Update 1989 pp 411-422 | Cite as

Blood Component Therapy in the Critically Ill

  • J. P. Isbister
Conference paper
Part of the Update in Intensive Care and Emergency Medicine book series (UICM, volume 8)

Abstract

Blood component therapy remains one of the greatest advances in modern medicine. It has not only been a major contribution to survival from hemorrhagic shock, but has also allowed complex surgery to develop and specific congenital and acquired hemopoeitic deficiency states to be temporarily corrected. Blood component therapy is one of the most important ‘weapons’ in the intensivist’s armentarium [1]. It is important that critical care physicians clearly understand the diagnosis and management of hemopoeitic defects, the composition of the various blood components and to carefully analyse the risk/benefit equation in the use of blood products. The correctly identified, appropriately administered and timely blood component can be lifesaving. It should, however, be emphasized that blood component therapy is similar to many aspects of critical care medicine where interim support is being provided for the patient to survive a potentially lethal organ malfunction, in order for other appropriate corrective medical therapy or surgery to be applied and for the body’s host defense system to initiate its appropriate responses and establish healing. In some circumstances, the basic underlying pathophysiology for the patient’s illness may be poorly understood and a definitive diagnosis may not have been made.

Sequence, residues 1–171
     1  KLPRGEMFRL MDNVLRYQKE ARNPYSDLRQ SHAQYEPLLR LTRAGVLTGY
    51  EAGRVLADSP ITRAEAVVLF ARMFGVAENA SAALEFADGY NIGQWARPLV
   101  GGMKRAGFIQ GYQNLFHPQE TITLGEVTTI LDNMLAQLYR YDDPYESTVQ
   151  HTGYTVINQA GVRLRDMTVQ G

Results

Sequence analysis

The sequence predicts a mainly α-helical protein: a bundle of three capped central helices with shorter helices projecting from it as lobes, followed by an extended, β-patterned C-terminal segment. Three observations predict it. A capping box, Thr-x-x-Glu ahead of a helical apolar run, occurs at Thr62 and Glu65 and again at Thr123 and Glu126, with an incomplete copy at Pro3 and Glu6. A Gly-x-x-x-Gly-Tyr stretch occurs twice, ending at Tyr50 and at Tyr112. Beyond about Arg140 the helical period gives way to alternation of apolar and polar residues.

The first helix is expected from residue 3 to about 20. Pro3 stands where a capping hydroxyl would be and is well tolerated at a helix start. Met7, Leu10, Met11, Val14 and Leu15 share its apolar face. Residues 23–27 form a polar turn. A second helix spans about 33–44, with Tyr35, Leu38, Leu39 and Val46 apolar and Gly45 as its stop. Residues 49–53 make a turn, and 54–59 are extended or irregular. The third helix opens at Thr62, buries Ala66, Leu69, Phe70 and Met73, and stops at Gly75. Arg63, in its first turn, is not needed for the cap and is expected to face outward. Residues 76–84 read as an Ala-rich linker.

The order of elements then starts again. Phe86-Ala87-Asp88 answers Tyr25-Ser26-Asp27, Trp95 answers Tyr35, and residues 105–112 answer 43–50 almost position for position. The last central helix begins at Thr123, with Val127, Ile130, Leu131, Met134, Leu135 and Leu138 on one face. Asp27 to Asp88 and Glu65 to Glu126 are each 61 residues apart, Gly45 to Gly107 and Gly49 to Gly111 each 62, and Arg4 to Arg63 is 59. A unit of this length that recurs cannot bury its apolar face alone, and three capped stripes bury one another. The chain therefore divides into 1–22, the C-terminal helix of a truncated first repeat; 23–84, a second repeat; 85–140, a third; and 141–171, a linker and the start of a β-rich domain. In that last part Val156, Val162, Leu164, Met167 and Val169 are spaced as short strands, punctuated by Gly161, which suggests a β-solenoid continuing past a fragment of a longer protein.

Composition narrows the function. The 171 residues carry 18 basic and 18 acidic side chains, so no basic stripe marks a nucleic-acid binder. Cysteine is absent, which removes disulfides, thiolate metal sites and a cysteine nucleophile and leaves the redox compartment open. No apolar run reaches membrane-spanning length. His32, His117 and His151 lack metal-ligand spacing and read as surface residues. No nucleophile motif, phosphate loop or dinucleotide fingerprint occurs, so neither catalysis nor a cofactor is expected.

Keywords

Toxicity Depression Lactate Citrate Anemia 

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Copyright information

© Springer-Verlag Berlin Heidelberg 1989

Authors and Affiliations

  • J. P. Isbister

There are no affiliations available

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